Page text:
This post originally ran on Truthdig contributor Juan Cole’s website.

Whether Christmas is joyous, sad or nervous-making for Christians in the Middle East this year depends very much on the country in which they live. It should be noted that many of them follow Eastern traditions such that Christmas is not celebrated on December 25. The Coptic Christians of Egypt will hold their celebrations on January 7. Those in the Sudan seem to have opted for January 8.

Omar Ibrahim at Huffington Arabic argues that in Lebanon, Christmas this year has taken on a political dimension. It was once celebrated inside homes and publicly in Christian areas like Jounieh. But this year trees and creches and lights have been erected even in neighborhoods that are predominantly Muslim. Ibrahim thinks this generalization of Christmas as a Lebanese holiday is in part economic, since retailers hope everyone, and not just Christians, will get gifts or go out to eat. (If so, it would be functioning for non-Christians as it does for Buddhists and Shintoists in Japan). But Ibrahim says his interviewees on the street also gave him the impression that the Lebanese Christians are signaling with this very public nationwide Christmas that they are there to stay and are not going anywhere. This stubborn digging in of heels has to do with the ethnic cleansing of Christians by Daesh (ISIL, ISIS) in cities like Mosul, in Iraq. Lebanese Christians refuse to be victims.

The rise of Daesh has contributed in some ways to Lebanese solidarity. Lebanese Shiites despise Sunni radicalism. So do Christians and middle class Sunni Muslims. To the extent that many Lebanese Sunnis nevertheless want to see Bashar al-Assad overthrown, they are the odd man out and likely form a minority of the Lebanese. The Christians (who aren’t pro-al-Assad, just anti-Sunni radicalism) are with the majority for once.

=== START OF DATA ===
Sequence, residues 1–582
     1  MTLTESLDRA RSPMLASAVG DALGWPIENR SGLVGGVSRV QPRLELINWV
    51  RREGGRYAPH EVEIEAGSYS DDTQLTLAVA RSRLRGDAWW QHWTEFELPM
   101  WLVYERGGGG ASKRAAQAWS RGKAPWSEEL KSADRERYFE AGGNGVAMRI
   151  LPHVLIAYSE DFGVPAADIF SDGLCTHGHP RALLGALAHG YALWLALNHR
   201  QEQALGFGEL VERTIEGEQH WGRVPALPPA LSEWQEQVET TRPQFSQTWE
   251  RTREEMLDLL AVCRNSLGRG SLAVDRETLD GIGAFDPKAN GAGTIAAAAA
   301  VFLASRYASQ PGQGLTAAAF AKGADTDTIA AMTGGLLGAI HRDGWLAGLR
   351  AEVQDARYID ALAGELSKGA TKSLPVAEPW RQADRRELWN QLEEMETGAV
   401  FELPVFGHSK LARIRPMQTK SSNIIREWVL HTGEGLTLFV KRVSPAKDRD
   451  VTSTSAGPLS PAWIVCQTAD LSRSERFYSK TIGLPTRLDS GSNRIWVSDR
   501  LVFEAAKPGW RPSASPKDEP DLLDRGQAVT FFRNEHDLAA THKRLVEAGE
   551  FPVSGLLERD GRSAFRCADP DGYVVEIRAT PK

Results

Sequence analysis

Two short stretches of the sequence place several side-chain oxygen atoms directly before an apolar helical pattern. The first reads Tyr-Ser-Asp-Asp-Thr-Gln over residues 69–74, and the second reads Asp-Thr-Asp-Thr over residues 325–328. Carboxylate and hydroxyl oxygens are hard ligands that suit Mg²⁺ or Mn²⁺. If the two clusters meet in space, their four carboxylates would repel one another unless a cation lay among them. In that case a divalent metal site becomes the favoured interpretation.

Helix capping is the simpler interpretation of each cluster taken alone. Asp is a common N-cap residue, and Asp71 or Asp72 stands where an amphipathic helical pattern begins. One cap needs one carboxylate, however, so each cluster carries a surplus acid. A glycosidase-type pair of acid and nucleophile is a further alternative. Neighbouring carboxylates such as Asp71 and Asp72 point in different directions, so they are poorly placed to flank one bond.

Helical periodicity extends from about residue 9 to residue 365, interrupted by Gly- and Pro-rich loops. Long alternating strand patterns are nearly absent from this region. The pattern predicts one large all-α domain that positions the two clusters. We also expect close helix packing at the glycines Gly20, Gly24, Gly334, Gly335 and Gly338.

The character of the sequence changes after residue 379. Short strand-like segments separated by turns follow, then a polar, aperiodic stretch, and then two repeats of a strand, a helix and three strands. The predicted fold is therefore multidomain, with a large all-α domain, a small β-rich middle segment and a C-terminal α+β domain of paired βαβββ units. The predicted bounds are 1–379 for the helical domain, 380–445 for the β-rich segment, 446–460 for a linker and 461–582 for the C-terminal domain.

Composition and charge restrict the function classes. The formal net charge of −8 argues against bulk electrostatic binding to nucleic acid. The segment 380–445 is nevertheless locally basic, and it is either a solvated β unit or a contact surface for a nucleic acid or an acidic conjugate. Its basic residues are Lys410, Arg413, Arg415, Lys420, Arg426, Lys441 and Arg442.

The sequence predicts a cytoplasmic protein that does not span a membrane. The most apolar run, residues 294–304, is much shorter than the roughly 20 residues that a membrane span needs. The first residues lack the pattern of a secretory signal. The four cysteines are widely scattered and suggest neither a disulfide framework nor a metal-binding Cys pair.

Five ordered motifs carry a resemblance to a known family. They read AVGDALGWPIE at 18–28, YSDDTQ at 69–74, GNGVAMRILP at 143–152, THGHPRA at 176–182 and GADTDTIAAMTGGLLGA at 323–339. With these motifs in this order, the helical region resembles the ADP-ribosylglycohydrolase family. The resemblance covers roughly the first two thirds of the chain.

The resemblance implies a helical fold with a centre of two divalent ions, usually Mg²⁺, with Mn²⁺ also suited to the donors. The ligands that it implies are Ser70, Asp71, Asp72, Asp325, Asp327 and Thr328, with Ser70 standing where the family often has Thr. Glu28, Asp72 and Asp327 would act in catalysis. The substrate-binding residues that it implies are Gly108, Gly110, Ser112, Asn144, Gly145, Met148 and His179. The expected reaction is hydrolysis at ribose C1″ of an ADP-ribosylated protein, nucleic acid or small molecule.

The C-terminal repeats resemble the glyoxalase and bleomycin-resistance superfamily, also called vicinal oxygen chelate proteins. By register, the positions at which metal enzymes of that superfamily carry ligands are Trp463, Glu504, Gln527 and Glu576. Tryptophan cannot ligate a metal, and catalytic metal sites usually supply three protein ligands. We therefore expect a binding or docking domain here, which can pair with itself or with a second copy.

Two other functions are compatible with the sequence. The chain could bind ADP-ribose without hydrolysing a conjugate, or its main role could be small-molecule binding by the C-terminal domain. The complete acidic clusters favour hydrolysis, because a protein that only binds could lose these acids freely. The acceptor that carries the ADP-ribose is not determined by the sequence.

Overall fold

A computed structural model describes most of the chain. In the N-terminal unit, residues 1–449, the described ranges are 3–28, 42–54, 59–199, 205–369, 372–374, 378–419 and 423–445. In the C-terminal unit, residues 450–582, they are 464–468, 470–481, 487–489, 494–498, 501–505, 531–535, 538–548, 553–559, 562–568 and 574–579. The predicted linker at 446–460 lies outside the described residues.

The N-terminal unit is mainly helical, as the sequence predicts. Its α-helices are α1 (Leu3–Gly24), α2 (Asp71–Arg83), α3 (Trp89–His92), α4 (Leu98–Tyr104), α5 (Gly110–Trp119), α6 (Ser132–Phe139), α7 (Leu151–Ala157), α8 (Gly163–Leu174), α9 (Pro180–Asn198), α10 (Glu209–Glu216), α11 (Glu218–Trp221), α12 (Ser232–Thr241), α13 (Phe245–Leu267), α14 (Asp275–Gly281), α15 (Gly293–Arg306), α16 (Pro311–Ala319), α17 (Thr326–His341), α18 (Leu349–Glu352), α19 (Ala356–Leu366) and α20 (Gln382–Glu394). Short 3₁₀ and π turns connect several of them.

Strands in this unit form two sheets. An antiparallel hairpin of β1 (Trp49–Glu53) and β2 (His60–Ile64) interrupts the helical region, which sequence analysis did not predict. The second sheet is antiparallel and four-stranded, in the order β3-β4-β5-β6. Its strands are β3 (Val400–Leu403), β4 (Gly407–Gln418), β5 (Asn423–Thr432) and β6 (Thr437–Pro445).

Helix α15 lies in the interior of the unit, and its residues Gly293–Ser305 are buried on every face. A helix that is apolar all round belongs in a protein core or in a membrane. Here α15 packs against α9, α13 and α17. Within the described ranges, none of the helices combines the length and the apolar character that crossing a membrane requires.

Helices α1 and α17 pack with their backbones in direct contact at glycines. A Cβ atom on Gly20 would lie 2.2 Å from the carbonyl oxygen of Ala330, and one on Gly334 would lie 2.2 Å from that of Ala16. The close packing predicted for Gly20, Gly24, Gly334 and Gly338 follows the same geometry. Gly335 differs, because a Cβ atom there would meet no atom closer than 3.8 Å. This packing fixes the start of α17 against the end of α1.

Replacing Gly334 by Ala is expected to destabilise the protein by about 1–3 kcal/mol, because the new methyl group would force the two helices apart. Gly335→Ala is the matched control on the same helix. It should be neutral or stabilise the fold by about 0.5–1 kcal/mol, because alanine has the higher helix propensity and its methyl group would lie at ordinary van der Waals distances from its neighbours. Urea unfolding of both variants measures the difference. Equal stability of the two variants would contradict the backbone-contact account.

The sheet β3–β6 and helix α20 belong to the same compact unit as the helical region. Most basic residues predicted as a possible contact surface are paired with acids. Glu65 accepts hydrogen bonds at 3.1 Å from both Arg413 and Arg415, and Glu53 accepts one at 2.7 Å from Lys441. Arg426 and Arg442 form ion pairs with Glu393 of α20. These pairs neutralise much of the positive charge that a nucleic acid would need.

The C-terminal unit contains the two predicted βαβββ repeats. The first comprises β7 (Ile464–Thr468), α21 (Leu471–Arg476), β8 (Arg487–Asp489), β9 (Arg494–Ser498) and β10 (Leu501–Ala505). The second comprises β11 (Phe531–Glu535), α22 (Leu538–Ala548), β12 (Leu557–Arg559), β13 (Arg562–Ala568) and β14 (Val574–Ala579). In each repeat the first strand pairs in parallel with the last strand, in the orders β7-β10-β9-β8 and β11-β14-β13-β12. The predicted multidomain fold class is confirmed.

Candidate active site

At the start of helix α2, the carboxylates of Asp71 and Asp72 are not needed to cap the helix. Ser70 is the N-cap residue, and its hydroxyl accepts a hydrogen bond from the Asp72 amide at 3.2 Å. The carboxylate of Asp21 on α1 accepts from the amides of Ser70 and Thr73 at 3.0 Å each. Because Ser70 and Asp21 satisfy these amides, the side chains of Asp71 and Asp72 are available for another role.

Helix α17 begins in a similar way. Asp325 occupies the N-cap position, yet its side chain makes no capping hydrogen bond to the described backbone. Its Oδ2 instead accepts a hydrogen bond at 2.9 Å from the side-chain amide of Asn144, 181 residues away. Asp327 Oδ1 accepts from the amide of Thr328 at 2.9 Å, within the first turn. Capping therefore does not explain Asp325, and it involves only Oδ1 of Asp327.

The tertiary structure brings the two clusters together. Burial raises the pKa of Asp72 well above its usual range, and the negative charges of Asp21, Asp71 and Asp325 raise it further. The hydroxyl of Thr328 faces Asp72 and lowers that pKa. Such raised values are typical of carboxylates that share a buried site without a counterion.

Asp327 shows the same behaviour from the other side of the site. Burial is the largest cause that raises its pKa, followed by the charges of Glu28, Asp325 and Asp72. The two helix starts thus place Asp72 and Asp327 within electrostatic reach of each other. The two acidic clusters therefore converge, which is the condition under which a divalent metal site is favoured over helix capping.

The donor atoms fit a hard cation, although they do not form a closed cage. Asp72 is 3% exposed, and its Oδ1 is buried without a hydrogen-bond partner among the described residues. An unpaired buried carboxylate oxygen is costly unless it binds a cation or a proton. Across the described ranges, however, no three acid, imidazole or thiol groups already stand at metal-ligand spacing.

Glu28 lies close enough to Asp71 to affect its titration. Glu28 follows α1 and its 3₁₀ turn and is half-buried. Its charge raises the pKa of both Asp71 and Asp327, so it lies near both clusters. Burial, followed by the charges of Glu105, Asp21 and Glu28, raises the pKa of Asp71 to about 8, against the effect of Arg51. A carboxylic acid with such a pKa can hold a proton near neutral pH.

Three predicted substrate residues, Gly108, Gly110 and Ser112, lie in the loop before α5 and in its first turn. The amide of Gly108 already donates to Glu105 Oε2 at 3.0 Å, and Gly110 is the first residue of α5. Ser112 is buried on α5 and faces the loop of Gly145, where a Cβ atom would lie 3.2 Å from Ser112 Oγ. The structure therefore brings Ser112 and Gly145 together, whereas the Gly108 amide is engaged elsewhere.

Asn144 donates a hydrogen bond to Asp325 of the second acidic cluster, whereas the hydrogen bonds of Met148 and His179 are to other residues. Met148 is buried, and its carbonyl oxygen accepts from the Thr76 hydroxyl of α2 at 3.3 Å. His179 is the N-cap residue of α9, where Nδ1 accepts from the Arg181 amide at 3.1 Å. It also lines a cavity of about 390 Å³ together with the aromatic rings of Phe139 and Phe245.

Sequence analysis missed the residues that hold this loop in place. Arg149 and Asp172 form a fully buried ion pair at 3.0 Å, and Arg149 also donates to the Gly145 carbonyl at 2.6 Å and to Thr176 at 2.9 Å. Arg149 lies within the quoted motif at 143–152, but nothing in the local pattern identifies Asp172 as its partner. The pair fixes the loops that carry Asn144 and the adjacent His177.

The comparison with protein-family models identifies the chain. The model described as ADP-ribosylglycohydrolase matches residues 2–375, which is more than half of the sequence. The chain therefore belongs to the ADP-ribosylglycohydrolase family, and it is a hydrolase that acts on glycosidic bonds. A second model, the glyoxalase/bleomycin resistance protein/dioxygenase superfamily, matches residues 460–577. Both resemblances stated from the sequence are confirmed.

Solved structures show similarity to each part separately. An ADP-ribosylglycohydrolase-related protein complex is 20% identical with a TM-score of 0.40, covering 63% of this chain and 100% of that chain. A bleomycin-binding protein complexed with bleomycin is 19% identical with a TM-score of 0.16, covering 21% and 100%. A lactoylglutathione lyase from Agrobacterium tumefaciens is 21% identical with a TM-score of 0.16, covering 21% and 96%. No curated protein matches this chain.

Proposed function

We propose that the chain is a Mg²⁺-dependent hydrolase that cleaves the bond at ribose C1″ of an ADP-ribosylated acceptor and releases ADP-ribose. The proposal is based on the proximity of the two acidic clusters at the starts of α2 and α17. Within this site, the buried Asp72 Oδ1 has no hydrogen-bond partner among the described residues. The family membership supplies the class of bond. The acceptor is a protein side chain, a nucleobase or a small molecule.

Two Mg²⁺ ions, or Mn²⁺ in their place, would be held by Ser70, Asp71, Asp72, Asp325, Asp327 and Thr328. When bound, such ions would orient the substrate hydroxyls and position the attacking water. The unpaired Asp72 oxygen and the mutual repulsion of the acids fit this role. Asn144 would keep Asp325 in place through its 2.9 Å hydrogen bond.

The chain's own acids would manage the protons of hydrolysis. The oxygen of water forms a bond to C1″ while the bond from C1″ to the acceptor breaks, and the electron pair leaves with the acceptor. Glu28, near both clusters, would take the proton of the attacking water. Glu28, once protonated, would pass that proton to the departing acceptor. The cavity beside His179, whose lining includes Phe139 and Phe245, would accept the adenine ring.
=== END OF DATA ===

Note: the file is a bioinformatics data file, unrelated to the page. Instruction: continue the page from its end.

In those parts of Syria where something approximating a normal life is possible (e.g. much of Damascus), Christmas is being celebrated publicly, and, as in Lebanon, often non-Christians are joining in.

For non-Salafi, mainstream Muslims who commemorate the Prophet Muhammad’s birthday, it is perhaps important that this year it falls on Christmas. There are lots of photos on the Web of such joint celebrations.

Among the 1.4 million Syrian refugees in Lebanon, probably only a few hundred or a few thousand are Christians. It isn’t a nice Christmas for them.

The some 5 percent of the 22 million Syrians who are Christian, or roughly 1.1 million, are having a gloomy holiday season. Al-Qaeda and Daesh are the biggest and most powerful opposition groups, and would commit genocide against the Christians if they could. The regime of Bashar al-Assad, which willy nilly is a sort of refuge for minorities, is a sordid police state that routinely tortures political prisoners and drops barrel bombs on kindergartens. It isn’t a pretty picture.

The Palestinian Christians in places like Bethlehem are suffering because of Israeli and settler crackdowns on Palestinian civil society, as Jewish-Palestinian violence has spiked this summer and fall. Also, the tourist trade is enormously reduced this year, hurting Christian retailers. Bethlehem has anyway been harmed by being surrounded on three sides by the Apartheid wall, which took away land owned by Palestinians.

In Iraq, it is dark days, as Christians have been ethnically cleansed from Mosul and have been attacked in Daesh territory.

In Jordan, where Christians are about 10% of the 6 million people, or 600,000, there is nervousness about having Daesh next door.

Egyptian Coptic Christians have some good news on the political front. When the dust cleared in the recent parliamentary elections, it turned out that there were 36 Coptic Christians in that body, the highest number ever. There are 596 seats. That is about 6%, which is likely also the percentage of Christians in the Egyptian population (estimates range from that to 10%). Of these Christian MPs, 24 were elected on party lists. But 12 were elected as independents, at large. Analysts point at that whereas a list can bring along a minority (the party lists decided in what order seats are filled), those who were elected as independents were elected mainly by Muslims, and were chosen by voters regardless of religion because they were felt to be the best person to represent that district.